Saving lives by studying data

Wake County EMS discovered variables that predict when to continue cardiac resuscitation without risk to brain function

Dr. Brent Myers understands the complex calculus involved in resuscitating patients better than most. As the Director of Wake County’s Emergency Medical Services System, he is often on the phone with paramedics deciding whether it is time to give up trying to restart someone’s heart. “There is really nothing in the literature to guide us,’’ Myers says.

That is about to change.

The Wake County (NC) EMS Service can show conclusively that paramedics can continue chest compressions on cardiac arrest victims for up to an hour with a low risk of neurological damage.

By examining the data from 2,900 cardiac arrest cases, Myers concluded that 100 people in Wake County survived cardiac arrest without brain damage because Wake EMS chose to ignore the 30-minute rule of thumb and continue chest compressions when other factors looked favorable for the patient.

Hearts across the country beat the same way, but whether the heart can be restarted is vastly different depending on where you live.... I’d like to see that change.
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Brent Myers
Director of Wake County’s Emergency Medical Services System

Myers says the 30-minute guideline is about 30 years old and predates CPR advances that call for continual compression and cooling patients. But conventional wisdom regarding how long to try and restart a heart was so entrenched that even family members would ask paramedics whether it was worth it to keep trying to restart their loved one’s heart. “You don’t want to resuscitate someone only to have them suffer brain damage,’’ Myers says.

Crafting a better guideline

Prior to this project, Myers already had some experience with analytics. When Wake EMS began adopting newer standards for heart attack patients in 2005, the paramedics kept careful data on survival rates. Actions like continued compressions, cooling patients, not moving them until a pulse is restored, and sending specially trained paramedics to the scene of every cardiac arrest victim has increased the survival rate 48 percent in Wake County.

Attempting to figure out who should receive CPR beyond 30 minutes, though, was trickier.

Hearts in crisis

There are three types of heart rhythms a paramedic encounters at a cardiac arrest scene. One is a complete lack of rhythm - a flat line. A second is the type of rhythm that can be shocked into a normal rhythm by using a defibrillator. The third rhythm shows electric activity - just no movement of blood through the heart and no option to restart the heart by shocking it. The data showed that it was worth continued compressions to try and restore a pulse in both of the latter types of heart rhythm. It was futile to continue compression efforts past 20 minutes on patients with no rhythm.

There is growing evidence that these studies are needed. In 2012, The Lancet, a well-regarded British medical journal reported on a study that said “efforts to systematically increase the duration of resuscitation could improve survival in this high-risk population.” Myers’ difficulty was that he isn’t an epidemiologist, nor does the county have one on staff. To produce a paper that would be accepted by a respected journal or conference, and for the results to be adopted by other EMS services, Myers needed some expert help. “If we talk about our results they’ll be challenged,’’ Myers says. “We need to make sure they meet the requirements of scientific research.’’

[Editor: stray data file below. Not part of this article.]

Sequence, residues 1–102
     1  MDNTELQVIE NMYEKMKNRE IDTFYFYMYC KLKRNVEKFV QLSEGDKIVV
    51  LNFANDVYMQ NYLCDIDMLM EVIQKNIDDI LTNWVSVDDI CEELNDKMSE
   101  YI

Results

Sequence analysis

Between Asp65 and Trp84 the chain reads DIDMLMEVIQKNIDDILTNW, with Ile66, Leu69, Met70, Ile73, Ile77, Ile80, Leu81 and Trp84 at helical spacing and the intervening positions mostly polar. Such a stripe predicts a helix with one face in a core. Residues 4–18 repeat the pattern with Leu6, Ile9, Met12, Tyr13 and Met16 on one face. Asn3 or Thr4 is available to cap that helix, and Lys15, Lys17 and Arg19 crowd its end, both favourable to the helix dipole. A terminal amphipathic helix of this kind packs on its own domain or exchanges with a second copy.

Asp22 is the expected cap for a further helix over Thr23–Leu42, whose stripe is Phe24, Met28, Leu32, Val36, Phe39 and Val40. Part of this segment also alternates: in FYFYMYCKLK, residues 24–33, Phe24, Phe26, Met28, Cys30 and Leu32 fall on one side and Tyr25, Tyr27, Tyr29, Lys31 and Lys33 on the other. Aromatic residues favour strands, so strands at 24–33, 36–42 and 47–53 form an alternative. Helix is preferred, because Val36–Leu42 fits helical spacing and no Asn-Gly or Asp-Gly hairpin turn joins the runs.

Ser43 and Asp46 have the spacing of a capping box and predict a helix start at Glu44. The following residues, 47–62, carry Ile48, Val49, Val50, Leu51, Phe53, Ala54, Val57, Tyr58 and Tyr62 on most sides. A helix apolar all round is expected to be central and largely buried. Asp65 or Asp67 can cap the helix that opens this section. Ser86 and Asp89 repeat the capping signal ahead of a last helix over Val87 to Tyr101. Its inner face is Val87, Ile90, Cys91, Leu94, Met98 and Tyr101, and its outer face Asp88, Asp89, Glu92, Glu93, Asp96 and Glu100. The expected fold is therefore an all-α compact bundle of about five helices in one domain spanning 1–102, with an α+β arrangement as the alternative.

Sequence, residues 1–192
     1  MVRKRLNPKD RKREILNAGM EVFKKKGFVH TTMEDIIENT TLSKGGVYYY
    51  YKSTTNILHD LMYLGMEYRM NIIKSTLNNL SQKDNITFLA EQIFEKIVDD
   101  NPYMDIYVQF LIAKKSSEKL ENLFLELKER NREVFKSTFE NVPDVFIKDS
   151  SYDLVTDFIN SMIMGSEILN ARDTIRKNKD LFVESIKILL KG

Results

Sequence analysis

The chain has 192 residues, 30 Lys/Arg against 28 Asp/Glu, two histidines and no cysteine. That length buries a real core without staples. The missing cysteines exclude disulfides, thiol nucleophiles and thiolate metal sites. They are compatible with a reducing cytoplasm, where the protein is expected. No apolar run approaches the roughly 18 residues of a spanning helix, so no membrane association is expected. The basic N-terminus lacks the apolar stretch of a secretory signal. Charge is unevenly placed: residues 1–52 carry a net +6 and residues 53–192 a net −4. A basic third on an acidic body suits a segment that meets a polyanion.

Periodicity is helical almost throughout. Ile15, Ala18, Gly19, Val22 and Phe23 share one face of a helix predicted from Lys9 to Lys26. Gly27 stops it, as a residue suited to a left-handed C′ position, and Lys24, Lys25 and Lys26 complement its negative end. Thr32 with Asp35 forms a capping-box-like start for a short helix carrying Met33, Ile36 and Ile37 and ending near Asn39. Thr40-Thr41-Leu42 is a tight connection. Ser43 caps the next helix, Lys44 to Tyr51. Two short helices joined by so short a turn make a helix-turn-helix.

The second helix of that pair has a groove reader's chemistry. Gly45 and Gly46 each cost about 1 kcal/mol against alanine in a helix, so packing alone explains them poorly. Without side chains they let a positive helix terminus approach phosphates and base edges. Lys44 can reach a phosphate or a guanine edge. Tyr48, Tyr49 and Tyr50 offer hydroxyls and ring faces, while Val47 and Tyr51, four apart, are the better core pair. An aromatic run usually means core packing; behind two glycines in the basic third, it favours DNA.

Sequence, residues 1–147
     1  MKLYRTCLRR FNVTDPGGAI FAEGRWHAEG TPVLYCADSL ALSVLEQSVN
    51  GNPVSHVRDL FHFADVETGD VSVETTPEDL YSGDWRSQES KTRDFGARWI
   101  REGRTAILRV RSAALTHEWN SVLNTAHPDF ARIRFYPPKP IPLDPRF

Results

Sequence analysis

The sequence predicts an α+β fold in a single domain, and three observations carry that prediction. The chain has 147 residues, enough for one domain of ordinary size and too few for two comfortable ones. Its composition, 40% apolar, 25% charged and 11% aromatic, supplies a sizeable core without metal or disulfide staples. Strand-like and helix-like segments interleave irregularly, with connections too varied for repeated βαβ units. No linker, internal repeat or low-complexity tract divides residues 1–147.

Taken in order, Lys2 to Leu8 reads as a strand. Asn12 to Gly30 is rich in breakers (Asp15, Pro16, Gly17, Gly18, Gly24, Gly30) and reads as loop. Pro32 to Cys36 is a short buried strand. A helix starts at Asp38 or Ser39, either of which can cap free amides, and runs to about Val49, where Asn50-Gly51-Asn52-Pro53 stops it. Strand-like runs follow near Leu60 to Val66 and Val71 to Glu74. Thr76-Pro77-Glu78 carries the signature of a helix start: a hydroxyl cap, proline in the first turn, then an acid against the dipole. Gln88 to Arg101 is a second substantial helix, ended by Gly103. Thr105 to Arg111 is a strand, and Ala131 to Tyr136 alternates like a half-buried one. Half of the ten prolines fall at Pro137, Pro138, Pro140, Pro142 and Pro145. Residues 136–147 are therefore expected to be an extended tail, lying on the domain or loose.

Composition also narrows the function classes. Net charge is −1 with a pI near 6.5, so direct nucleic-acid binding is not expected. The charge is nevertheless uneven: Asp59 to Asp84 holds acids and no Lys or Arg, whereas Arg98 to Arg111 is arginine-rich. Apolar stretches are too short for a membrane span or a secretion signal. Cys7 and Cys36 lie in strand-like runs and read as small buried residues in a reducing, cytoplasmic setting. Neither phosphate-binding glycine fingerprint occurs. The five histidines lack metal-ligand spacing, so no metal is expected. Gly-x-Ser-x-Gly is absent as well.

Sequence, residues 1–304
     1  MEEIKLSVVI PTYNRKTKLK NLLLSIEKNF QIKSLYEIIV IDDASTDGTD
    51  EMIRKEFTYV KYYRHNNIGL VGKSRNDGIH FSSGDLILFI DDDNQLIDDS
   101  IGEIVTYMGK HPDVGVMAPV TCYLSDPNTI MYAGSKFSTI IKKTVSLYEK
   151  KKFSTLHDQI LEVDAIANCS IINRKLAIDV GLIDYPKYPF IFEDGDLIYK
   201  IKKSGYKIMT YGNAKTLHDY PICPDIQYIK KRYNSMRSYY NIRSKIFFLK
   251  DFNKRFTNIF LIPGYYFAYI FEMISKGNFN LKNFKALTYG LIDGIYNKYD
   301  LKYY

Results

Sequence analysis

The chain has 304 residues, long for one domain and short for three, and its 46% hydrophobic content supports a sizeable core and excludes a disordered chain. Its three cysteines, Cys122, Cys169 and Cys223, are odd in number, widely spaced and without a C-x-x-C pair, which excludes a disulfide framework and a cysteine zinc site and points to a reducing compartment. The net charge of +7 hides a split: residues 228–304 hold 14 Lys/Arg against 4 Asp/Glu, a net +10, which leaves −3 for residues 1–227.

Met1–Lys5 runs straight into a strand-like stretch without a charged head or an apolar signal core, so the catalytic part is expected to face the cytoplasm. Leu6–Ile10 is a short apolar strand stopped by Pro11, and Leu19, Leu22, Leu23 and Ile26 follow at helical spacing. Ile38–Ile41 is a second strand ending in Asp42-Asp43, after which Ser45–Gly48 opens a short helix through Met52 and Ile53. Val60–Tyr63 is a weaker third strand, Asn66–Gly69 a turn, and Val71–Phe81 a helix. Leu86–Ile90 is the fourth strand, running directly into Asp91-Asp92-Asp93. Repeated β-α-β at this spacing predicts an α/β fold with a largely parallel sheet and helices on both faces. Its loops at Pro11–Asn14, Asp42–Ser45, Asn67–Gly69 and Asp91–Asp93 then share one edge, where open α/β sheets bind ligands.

Myers believes that this particular effort is just a start. He wants to further explore what types of biomedical signs (such as the concentration of carbon dioxide in an exhaled breath - a measure of blood flow into and out of the lungs) indicate a better chance of succeeding with compressions. He wants to continue sharing his data analysis and encourage other EMS systems to measure what they are experiencing and share those data.

“Hearts across the country beat the same way, but whether the heart can be restarted is vastly different depending on where you live,’’ Myers says. “I’d like to see that change.”

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Challenge

Help people survive cardiac arrest by understanding how long to continue cardiac resuscitation without causing brain damage.

Solution

SAS Advanced Analytics Lab for State and Local Government

Benefits

The Wake County (NC) EMS Service discovered variables that predict when it makes sense to continue cardiac resuscitation without risk to brain function.

The results illustrated in this article are specific to the particular situations, business models, data input, and computing environments described herein. Each SAS customer’s experience is unique based on business and technical variables and all statements must be considered non-typical. Actual savings, results, and performance characteristics will vary depending on individual customer configurations and conditions. SAS does not guarantee or represent that every customer will achieve similar results. The only warranties for SAS products and services are those that are set forth in the express warranty statements in the written agreement for such products and services. Nothing herein should be construed as constituting an additional warranty. Customers have shared their successes with SAS as part of an agreed-upon contractual exchange or project success summarization following a successful implementation of SAS software. Brand and product names are trademarks of their respective companies.

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